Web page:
Diamond’s Journey, Day 4 – 5-20-17

I love latent learning.  I love that I can wake up in the morning, go out to train, and find that the student has learned what to do overnight.

Miss D certainly seems to have figured out a few things overnight last night.  She mugs me significantly less and her mouth has relaxed.  She can now take treats from my hand in a “normal” way without being clumsy or getting my fingers in her mouth.  It was like my fingers were being sucked into her mouth between the lips and the gums, which is very weird feeling.  She’s figured out what the targeting behavior is – touch her nose to that white bulbous thing at the end and not the stick.  She has unstuck her feet from the ground a little.

However, I don’t think that she knows what the click means yet.  She’s learning behaviors that I’m teaching, yes, but I don’t think she’s figured out yet that the click actually has a meaning.  As long as the reinforcer “touches” the behavior, she’s going to learn what I’m teaching.  This is something that Dr. Susan Friedman talks about – the reinforcer “touching” the behavior.  They need to overlap a bit.

The three C’s of operant conditioning are:  consistency, contiguity, and contingency.  If you are consistent with your criteria, timing, rate of reinforcement, and food delivery techniques, you’ve met that condition.  Contingency is making sure that the reinforcer only arrives if the criterion has been met; that you’re not just free feeding for no reason.  Contiguity is the time factor between behavior and reinforcer arriving.  The shorter that time lapse, the better, whether or not you use a clicker.  You can get a lot of behavior trained without a clicker – what Bob Bailey calls “just chucking food” – but the marker is there for precision and to cover the long time lapses between the wanted behavior and the arrival of the reinforcer.

Right now, it’s not super important that she understands that the click sound actually means anything to her or not.  I’ll keep watching to see when that understanding dawns.

In my two very short sessions with her this morning, we reviewed targeting to the hand-held target and learning to back.

When I first went into her enclosure, she was about 40 feet away.  She nickered and walked all that way to interact with me.  We played with targeting for about five minutes.  He behavior loops were clean and she didn’t try to mug me like she did the last two days.  I didn’t have to feed in the pan either.  I could easily feed her with my hand.  She didn’t even mind my “stinky hands” from having my gloves on just prior to working with her.  It’s just so nice to see that breakthrough of confidence of knowing what the task is.

I took a short break to get more treats and came back to work with her at the paddock gate so that I could begin to teach her to back up.  Using the target stick helped give her the right idea, but I also worked from her turning her head away.  I can click for that and deliver the food in a way that causes her to back up.  Then I can click and feed quickly several times after that to help cement the idea that that’s what I want.  The back up is by no means a solid behavior after only one session, but I think she clearly got the idea.  We’ll see what she offers tomorrow.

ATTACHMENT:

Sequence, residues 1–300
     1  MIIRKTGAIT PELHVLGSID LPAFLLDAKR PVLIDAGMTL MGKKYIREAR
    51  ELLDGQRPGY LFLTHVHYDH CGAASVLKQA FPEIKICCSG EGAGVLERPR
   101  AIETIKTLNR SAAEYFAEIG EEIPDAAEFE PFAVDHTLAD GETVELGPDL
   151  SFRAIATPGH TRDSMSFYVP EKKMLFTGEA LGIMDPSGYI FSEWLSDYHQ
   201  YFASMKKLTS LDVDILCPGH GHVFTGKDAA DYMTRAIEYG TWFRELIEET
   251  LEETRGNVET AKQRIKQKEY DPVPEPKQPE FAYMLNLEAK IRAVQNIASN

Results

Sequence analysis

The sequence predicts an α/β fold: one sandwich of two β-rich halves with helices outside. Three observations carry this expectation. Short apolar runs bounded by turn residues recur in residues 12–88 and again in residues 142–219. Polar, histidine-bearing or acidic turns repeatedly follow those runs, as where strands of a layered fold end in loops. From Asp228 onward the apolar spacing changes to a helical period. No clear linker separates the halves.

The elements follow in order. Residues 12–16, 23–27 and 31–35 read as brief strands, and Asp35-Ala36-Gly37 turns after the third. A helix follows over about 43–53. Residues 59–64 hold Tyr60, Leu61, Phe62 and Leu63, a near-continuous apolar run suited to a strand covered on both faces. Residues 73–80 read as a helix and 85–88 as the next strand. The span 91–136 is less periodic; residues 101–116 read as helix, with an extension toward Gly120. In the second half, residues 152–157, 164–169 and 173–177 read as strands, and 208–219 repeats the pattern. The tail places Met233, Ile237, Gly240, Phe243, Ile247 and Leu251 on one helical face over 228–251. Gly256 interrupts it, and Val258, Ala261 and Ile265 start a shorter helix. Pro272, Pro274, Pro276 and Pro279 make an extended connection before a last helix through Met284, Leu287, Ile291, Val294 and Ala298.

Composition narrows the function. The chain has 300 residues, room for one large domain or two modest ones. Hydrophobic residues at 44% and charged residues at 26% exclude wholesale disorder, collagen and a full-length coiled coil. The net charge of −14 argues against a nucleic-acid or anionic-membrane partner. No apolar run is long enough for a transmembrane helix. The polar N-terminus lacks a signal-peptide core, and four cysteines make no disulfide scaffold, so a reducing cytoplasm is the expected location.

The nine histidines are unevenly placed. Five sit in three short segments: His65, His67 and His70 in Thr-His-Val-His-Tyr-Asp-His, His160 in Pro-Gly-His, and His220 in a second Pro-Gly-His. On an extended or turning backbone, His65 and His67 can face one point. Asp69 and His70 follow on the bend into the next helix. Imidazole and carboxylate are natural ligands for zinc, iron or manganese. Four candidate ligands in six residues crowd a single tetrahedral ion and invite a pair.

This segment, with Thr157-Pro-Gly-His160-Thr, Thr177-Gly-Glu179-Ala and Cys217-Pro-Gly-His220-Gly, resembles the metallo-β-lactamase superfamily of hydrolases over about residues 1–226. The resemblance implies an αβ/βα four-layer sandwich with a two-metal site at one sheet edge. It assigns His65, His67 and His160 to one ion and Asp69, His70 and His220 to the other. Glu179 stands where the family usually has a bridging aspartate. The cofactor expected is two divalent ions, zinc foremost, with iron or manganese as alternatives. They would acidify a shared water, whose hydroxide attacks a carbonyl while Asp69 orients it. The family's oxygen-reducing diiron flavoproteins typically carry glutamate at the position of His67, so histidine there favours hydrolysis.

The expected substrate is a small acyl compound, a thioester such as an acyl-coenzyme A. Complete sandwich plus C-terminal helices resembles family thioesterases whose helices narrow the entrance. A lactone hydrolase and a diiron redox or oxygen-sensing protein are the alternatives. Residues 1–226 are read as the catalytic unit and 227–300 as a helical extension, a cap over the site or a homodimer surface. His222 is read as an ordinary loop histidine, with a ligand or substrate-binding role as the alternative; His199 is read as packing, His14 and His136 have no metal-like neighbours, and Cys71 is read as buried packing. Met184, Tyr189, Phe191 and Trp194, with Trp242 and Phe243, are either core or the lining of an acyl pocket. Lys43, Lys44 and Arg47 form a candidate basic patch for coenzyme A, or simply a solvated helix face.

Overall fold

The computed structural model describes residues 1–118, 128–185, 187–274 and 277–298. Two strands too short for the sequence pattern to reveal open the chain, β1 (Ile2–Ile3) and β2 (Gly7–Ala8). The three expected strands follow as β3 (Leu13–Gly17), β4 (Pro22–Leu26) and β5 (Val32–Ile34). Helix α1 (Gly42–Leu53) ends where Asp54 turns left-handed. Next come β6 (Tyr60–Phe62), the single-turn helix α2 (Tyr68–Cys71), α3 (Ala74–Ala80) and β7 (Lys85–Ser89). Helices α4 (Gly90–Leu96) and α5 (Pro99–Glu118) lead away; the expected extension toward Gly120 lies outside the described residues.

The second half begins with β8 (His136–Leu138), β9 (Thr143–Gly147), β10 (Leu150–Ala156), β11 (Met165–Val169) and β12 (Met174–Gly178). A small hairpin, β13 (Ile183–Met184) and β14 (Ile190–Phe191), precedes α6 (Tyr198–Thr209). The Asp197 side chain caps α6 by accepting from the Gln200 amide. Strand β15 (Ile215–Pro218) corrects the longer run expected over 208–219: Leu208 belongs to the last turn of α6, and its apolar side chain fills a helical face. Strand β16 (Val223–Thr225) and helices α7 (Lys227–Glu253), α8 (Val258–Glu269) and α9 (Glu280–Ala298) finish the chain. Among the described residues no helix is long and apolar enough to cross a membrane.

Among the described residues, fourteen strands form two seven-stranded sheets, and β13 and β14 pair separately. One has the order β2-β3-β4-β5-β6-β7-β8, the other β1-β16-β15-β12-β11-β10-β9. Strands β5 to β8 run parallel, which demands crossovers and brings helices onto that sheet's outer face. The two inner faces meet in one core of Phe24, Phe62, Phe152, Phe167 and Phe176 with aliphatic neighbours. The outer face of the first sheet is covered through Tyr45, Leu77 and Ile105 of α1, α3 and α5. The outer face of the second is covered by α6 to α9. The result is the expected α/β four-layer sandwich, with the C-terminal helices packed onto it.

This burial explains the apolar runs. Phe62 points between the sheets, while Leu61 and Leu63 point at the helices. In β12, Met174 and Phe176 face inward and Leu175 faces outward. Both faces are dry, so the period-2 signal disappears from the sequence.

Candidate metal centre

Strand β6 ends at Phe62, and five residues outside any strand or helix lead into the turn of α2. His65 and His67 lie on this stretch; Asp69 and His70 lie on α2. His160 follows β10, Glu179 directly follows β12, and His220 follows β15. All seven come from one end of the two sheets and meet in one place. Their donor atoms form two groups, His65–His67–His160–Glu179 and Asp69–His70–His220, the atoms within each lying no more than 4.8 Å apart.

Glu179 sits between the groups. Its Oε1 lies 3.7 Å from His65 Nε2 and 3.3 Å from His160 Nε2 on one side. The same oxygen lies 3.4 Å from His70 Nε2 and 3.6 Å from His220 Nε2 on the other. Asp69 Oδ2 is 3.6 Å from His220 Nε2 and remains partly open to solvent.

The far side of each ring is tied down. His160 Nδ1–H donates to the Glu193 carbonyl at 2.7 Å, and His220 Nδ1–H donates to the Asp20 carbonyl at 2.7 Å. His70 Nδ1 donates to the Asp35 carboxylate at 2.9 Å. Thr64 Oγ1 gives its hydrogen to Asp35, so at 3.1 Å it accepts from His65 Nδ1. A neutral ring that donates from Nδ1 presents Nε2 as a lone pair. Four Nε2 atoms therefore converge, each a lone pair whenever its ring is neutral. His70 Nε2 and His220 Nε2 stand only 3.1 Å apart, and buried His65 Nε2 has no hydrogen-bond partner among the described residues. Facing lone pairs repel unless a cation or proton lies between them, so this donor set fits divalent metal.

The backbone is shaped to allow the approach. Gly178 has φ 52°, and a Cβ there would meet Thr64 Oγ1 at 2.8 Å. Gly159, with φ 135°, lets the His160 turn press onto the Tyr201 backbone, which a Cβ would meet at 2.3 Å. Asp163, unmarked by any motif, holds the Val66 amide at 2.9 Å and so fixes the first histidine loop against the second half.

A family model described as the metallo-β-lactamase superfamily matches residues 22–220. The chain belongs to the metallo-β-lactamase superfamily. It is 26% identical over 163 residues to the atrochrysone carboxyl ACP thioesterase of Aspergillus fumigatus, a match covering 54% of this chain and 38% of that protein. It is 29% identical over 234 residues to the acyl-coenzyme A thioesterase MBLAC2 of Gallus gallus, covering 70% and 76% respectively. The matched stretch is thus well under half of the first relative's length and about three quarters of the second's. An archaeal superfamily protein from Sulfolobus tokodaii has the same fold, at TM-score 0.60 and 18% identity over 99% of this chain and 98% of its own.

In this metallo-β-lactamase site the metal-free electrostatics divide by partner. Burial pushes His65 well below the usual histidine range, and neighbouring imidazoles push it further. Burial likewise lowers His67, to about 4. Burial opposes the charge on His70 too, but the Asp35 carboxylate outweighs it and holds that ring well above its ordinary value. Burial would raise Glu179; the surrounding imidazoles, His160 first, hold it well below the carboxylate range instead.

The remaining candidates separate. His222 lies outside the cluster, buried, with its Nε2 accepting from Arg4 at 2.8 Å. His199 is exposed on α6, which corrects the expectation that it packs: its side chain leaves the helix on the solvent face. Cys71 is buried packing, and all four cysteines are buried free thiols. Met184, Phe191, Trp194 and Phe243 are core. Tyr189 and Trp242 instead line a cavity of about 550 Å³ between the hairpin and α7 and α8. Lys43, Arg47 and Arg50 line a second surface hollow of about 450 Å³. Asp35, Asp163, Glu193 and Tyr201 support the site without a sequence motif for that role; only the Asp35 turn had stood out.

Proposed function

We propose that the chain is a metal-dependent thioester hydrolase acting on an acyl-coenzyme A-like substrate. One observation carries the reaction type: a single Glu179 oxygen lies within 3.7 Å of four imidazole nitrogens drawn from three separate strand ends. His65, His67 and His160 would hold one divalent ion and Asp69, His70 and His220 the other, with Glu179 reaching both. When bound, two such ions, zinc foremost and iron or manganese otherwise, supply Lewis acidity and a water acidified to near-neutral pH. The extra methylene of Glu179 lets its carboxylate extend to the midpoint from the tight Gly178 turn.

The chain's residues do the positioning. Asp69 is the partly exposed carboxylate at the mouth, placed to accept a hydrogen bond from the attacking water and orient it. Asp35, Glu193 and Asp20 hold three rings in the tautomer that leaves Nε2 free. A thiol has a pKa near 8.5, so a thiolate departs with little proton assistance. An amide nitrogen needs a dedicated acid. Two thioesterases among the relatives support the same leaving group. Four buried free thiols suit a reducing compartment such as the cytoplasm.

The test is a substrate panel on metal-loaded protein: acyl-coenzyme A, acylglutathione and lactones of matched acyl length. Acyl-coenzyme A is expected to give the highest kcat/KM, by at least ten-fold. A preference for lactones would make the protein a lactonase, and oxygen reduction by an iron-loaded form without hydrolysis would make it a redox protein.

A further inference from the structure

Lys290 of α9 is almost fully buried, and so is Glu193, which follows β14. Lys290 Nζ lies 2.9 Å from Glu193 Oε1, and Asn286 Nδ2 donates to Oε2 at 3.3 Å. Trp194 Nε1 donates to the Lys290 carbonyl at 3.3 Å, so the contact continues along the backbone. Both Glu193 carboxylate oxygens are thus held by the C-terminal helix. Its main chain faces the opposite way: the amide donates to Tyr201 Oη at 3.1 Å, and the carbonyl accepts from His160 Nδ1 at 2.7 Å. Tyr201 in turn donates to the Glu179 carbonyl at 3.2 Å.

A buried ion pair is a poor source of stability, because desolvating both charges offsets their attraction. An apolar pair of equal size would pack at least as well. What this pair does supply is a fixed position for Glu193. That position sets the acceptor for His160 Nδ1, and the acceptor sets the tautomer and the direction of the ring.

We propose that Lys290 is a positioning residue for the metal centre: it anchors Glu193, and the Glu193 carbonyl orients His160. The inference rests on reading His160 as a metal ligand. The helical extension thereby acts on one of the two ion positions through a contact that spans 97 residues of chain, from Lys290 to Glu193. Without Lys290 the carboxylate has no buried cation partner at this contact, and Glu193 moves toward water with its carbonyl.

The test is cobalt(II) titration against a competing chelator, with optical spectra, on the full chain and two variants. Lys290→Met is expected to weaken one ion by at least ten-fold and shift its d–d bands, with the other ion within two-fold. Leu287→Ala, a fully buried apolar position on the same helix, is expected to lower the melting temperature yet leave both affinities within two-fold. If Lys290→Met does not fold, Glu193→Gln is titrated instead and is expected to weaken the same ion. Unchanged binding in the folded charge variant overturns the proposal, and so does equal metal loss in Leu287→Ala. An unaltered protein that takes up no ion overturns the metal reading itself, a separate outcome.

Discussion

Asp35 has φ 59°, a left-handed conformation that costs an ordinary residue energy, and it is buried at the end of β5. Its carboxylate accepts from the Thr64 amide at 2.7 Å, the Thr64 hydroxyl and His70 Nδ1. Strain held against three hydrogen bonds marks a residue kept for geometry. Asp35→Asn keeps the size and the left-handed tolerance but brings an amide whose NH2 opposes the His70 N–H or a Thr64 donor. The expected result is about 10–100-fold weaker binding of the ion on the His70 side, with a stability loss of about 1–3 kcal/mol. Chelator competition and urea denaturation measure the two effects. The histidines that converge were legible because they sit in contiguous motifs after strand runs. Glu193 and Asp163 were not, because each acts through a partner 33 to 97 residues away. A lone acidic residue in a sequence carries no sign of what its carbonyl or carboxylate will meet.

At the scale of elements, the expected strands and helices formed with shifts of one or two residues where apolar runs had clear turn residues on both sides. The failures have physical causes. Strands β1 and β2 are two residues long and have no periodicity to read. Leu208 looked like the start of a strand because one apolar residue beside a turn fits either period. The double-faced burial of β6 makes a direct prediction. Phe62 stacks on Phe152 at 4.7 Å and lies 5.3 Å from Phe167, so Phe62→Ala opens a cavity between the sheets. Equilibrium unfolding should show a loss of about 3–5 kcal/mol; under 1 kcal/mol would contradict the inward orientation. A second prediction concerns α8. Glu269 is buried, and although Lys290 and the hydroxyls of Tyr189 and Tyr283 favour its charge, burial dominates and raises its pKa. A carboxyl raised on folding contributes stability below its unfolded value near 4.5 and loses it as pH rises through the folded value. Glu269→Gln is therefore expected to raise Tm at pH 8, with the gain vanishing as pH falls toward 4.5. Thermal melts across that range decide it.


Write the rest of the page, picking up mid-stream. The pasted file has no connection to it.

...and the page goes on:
Lameness Issue

I think her “lameness” or odd stuck-like steps are because her soles are too thin.  She walks just fine, but if she has to pivot on a foot, then she acts like that foot is sore.  Since she’s on gravel and barefoot, I’m willing to bet that her soles are thin.  She displayed this behavior when I picked her up as well and she was on a gravel driveway there, too.  I think this is the common factor.

Also, I think that most farriers don’t do a true “barefoot” trim so much as a “shoeless” trim:  they prepare the foot for a shoe and then “forget” to put the shoe on.  If you’ve watched most farriers, they trim out the sole.  This might work well for putting shoes on, but barefoot horses need that sole thickness for protection.

My trimmer is due June 1 which is slightly less that two weeks away.  I will have to start soon on working with her feet so that she’s at least a little bit ready for the occasion.

If you are interested in helping us help Diamond, please click here to go to the GoFundMe page to help defray the costs of rehabbing Diamond.

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About Laurie Higgins

I play with clicker training - with my horses, dogs, and cats. I also attempt to grow vegetables with the hope of one day being able to feed my family from my garden. My daughter and I are learning ballroom dancing. Well, we were. But she left me for a paying horse job, so now my husband and I are learning ballroom dancing. I'm also now helping Peggy Hogan, of Clicker Training Horses (and The Best Whisper is a Click) to teach people how to train their own horses using "clicker training".
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